I should perhaps start by saying that I have no particular love for the Egyptian summer: it is hot, humid and dusty; the lack of any particular air movement causes the pollution to hang around like an unwanted guest who keeps bringing friends. And then, of course, Ramadan currently falls in the summer, causing some minor inconvenience to any non-Muslim who happens to be resident. The weather of the winter is by and large preferable. On some days, especially in the autumn and the spring (which, given their length here, might better be described as the beginning and the end of winter), one gets balmy blue-skied days in which (assuming one is not working) one can sit in one of the cafes along the corniche and pretend one is anywhere other than Egypt. This does require some skill in the suspension of disbelief, given the ever present sulphury haze, the rubbish that mysteriously never finds its way into a bin, the mangy cats, and the roar of traffic (and blare of car horns) immediately behind. However, as cheap opportunities for escape in Alex go, it's one of the best on offer. Even on days less ideal than these, it's much easier to wrap up warm than to try to escape the blistering heat of the summer.
There is, however, one huge inconvenience of the winter. I was reminded of it by my journeys to and from school yesterday. It's the rain. This may seem petty. After all, I'm English. I should welcome the rain as a taste of home. Anyway, given most of the year it's dry as a bone, I should be grateful that it rains at all: I'm sure the people of Jordan or Yemen would welcome the volume and regularity of the yearly rain that comes here. Well it isn't the rain as such that's the problem - in fact, so long as I can stay at home, I quite enjoy the occasional hour-long thunderstorms that presage the closure of the autumn - it's what happens when it rains.
The core problem is that the infrastructure can't cope with it. To a certain extent this is inevitable: when the ground is so dry, it isn't going to absorb terribly much, and so the water runs off everywhere. Fair enough. But I'm certain that if the drains were not absolutely clogged with rubbish (where does it come from...?) then the water would have somewhere to go. A minor second problem is the volume of the stuff. The rain here doesn't have English nuance. Don't bother trying to explain drizzle... Here we generally have heavy, dollopy rain, or no rain. And the heavy stuff isn't usually a short sharp shower - one can expect it to continue for hours.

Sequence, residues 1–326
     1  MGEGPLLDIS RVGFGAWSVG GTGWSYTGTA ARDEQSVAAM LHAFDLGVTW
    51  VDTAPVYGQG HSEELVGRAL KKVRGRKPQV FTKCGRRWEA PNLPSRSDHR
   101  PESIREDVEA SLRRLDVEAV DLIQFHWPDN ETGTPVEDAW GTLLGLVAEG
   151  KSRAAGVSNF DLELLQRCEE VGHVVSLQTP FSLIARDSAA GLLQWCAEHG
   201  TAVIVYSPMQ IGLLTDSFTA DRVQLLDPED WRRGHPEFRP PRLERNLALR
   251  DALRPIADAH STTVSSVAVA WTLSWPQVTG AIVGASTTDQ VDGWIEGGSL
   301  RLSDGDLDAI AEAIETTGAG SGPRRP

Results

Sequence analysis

The rain day starts perfectly pleasantly. One wakes up to the sound of the pitter-patter that is always quite calming (and of course car horns, but they form the background music to every form of Egyptian life). Then one realises that the all-pervasive smell of old cars with inefficient engines is still there, like a prominent food stain on a shirt that one has now washed three times in a row, but stubbornly refuses to budge. The morning routine is the same as ever, except that one makes oneself late for school by sitting looking out of the window in the hope, which you know to be false, that the rain will miraculously stop and it will be a lovely day. Having resigned oneself to the fact that this isn't going to happen, one makes ones way outside, having managed to persuade oneself that a raincoat isn't necessary - it isn't going to be that wet. One decides one is going to get a taxi, as one is late already, and anyway one doesn't want to walk all the way from the bus stop in the rain - unfortunately everyone has had this idea, so one waits for a while, getting increasingly damp, but too stubborn to go back into the house and get that rain coat. Finally a taxi pulls up, but around a metre away from the curb; that is, on the other side of a small, but as it turns out surprisingly deep lake. (It's important to remember, for later, that taxis here are not the personalised transport of the west. Where one gets out is the result of a negotiation between the driver, the first passenger, and any other passengers who get in subsequently. The driver has the upper hand. And one is expected to pay pretty much wherever he drops you, so long as one is closer to the destination than one was at the start.) As the journey progresses, one observes one's surroundings. The road is now a shallow, scummy river, though that hasn't deterred any of the drivers. Potholes become something of a surprise - especially as many are new thanks to the water combined with the state of the tarmac. Not that this encourages the drivers to be more careful. Stopping distances? What are they? That question could equally be applied to tire tread, wing mirrors, lights, and even windscreen wipers. It is not unusual to see a driver with his hand out of the window, holding a rag and wiping the rain away. Even where they do exist, they are used sparingly. One's taxi journey ends somewhere short of the intended destination; the driver wants to turn down to the corniche, as that is where the second passenger is headed. But he's disappointed only to be given the usual fare. It's raining, he indicates. Precisely, one replies, and proceeds to run through what may now be better described as a waterfall than 'weather' towards school. It's only five minutes away, but when one arrives one is greeted with gales of laughter from the receptionist. Fortunately, there is also a towel... Alas, one knows that this scenario is to be repeated many times over the next few months.